Car bomb injures 2 in west Jerusalem
JERUSALEM (CNN) -- An apparent car bomb exploded in a Jewish suburb of western Jerusalem on Thursday, injuring two people, according to fire and police officials.
None of the injuries was serious, police said. Other bystanders were treated for shock. Israeli firefighters extinguished the car fire caused by the explosion in the ultra-Orthodox Mea Shearim neighborhood.
The blast came as Israel's right-wing prime minister-elect, Ariel Sharon, began meetings aimed at building a new coalition government following his overwhelming victory Tuesday over incumbent Prime Minister Ehud Barak.
Sharon capitalized on voter dissatisfaction with Barak's handling of four months of violence between Palestinians and Israelis, pledging to stamp out Palestinian violence and forge a peace between the Mideast adversaries that guaranteed Israel's security.
But the Palestinians, who were also frustrated with Barak's policies, were equally wary of the hawkish Sharon's ascension to power. Some pledged to escalate the uprising that began on September 28.
Although there was no immediate claim of responsibility, angry residents of Mea Shearim flooded into the streets to demonstrate against the violence, which they blamed on Palestinians. Some demonstrators carried posters calling for "Death to Arabs."
Sharon said the blast underlined the need for a unity government to end what he called "acts of terror," but Haim Ramon, a leading member of Barak's Labor Party, said the explosion underscored the need for a final peace agreement with the Palestinians, saying only that would put an stop to the violence.
Sharon races deadline to form government
Sharon, 72, began talks on Thursday with Labor Party officials in a bid to persuade them to join a broad unity government with a collective approach to peacemaking with the Palestinians.
A deal would allow the Likud leader to jump his first political hurdle by avoiding having to strike deals with extreme right-wing and religious groups as he rushes to meet a late March deadline to form a new government and pass the state budget -- or face new elections for both prime minister and parliament.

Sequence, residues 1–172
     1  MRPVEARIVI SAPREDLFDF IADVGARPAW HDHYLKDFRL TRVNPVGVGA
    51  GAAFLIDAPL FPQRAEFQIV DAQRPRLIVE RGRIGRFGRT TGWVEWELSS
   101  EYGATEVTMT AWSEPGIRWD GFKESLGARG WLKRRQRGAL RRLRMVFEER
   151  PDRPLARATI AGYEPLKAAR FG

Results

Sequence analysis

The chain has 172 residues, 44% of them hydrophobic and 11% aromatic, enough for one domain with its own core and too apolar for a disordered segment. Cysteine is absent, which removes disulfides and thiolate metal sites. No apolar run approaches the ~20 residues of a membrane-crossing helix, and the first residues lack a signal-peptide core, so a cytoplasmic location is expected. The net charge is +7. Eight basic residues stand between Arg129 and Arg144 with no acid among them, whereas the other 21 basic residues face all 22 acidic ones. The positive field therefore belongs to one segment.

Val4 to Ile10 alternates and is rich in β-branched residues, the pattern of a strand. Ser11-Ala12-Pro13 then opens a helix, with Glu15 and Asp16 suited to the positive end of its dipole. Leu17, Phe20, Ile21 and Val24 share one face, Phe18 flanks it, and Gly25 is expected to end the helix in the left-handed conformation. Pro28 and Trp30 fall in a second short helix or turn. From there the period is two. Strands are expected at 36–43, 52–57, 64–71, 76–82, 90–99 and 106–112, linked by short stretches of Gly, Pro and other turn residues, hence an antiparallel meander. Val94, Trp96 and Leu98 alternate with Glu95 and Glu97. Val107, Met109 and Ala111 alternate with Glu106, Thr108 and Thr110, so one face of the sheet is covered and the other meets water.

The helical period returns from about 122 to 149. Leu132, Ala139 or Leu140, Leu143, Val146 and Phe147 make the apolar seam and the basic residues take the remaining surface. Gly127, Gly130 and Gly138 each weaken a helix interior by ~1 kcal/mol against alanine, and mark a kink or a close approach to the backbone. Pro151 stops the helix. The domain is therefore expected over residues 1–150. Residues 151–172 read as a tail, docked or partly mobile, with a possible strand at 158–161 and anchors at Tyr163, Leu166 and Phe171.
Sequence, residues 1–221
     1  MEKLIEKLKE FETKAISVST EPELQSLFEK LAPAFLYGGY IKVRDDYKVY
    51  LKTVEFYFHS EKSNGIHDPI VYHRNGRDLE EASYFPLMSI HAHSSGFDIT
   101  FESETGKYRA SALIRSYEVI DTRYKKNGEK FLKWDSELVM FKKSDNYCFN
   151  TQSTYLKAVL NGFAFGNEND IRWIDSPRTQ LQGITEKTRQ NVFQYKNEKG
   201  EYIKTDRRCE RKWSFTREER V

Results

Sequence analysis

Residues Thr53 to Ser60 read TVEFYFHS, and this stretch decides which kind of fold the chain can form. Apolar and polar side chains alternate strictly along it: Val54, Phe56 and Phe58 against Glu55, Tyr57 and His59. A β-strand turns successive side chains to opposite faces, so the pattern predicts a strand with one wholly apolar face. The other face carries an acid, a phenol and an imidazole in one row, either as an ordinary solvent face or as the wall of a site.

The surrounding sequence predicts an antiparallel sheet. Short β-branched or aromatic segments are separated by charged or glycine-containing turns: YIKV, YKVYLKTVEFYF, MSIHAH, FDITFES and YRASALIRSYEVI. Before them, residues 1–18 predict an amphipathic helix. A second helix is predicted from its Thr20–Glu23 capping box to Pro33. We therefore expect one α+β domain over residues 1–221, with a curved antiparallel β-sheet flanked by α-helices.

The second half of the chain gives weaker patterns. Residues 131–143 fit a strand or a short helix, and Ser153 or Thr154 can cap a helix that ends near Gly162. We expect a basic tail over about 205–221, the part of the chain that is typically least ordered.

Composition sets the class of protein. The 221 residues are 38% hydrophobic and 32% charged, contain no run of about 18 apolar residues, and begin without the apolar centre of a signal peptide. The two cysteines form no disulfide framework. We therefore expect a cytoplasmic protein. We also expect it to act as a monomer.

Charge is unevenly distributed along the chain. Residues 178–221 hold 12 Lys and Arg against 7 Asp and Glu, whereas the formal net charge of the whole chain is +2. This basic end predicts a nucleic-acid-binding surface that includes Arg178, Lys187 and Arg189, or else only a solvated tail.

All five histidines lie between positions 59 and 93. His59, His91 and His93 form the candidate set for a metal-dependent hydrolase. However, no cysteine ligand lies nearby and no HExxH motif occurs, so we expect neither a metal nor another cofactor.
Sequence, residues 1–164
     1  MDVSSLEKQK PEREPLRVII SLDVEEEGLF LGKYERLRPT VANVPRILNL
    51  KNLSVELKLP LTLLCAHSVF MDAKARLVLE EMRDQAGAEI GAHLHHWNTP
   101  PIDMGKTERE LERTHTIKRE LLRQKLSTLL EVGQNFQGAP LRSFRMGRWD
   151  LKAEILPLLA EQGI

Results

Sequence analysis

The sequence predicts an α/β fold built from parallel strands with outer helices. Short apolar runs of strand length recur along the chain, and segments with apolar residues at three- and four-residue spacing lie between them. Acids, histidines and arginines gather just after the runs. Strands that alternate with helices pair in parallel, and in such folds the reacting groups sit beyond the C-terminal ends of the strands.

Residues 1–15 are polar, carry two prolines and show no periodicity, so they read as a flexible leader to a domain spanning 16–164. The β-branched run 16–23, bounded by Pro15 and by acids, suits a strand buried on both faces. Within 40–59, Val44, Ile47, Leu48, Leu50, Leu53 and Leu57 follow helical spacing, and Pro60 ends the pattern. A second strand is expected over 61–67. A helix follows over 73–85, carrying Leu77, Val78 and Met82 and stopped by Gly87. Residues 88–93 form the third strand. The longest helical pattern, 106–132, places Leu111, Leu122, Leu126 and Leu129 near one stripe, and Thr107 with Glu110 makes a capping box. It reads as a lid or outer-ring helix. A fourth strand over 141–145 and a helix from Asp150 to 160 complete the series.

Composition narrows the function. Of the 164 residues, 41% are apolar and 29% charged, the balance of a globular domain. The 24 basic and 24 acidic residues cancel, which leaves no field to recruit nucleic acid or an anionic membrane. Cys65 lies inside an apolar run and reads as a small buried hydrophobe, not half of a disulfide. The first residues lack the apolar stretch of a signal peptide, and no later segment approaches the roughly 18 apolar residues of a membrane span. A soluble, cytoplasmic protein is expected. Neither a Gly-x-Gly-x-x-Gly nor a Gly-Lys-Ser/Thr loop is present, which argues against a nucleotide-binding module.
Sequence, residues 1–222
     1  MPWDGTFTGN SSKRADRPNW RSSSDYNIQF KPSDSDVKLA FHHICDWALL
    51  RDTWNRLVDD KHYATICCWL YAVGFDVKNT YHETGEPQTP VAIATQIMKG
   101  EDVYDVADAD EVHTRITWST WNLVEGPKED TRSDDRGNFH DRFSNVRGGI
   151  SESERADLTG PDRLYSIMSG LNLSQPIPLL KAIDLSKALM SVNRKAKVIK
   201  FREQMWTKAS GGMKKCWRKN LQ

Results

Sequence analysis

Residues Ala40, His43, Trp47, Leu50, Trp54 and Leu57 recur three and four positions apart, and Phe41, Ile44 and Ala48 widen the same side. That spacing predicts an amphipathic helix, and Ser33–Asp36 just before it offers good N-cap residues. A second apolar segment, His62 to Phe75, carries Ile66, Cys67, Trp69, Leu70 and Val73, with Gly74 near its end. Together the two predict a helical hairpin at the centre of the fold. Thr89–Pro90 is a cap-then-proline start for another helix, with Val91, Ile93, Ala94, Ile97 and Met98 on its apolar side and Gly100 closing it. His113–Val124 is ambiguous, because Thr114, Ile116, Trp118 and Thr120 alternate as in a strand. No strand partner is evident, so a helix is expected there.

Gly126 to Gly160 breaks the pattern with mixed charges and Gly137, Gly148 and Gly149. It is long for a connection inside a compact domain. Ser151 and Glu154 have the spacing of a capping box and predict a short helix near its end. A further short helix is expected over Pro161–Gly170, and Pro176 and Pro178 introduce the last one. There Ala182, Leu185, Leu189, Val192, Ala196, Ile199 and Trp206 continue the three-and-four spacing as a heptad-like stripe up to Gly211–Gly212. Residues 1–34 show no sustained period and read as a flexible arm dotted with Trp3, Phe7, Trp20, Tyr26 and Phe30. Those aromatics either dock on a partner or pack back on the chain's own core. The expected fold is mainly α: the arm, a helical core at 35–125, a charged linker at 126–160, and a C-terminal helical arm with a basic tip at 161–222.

Tuesday's election was forced by Barak's surprise December 10 resignation and did not include members of the Israeli Knesset. Barak's resignation, however, pre-empted the Knesset's push to disband and call early elections.
Some Labor Party leaders have expressed interest in forming a coalition with Likud, and Labor Secretary General Raanan Cohen said the meeting on Thursday had been set up with six Labor party members.
But others, like Colette Avital, told CNN that she did not believe Likud had any "realistic proposals" for peace -- or "much desire to reach peace."
Labor leadership vacuum
Ramon said the task of drafting a joint platform on peacemaking with the Palestinians, over which Labor and Likud are deeply divided, might be impossible to achieve.
"I have many doubts we can reach a joint diplomatic platform, but I think we need to try," Ramon told Israel Radio.
Sharon's task has been made even more difficult by the disarray that has beset the Labor Party after its trouncing in the special elections -- in which Barak managed to secure only 37.4 percent of the vote, compared to 62.5 percent for Sharon, the worst performance by a prime ministerial candidate in Israel's history.
Barak resigned his leadership of the party and his seat in the Knesset after the election. He remains as caretaker prime minister until Sharon forms his government.
CNN Jerusalem Bureau Chief Mike Hanna contributed to this report.
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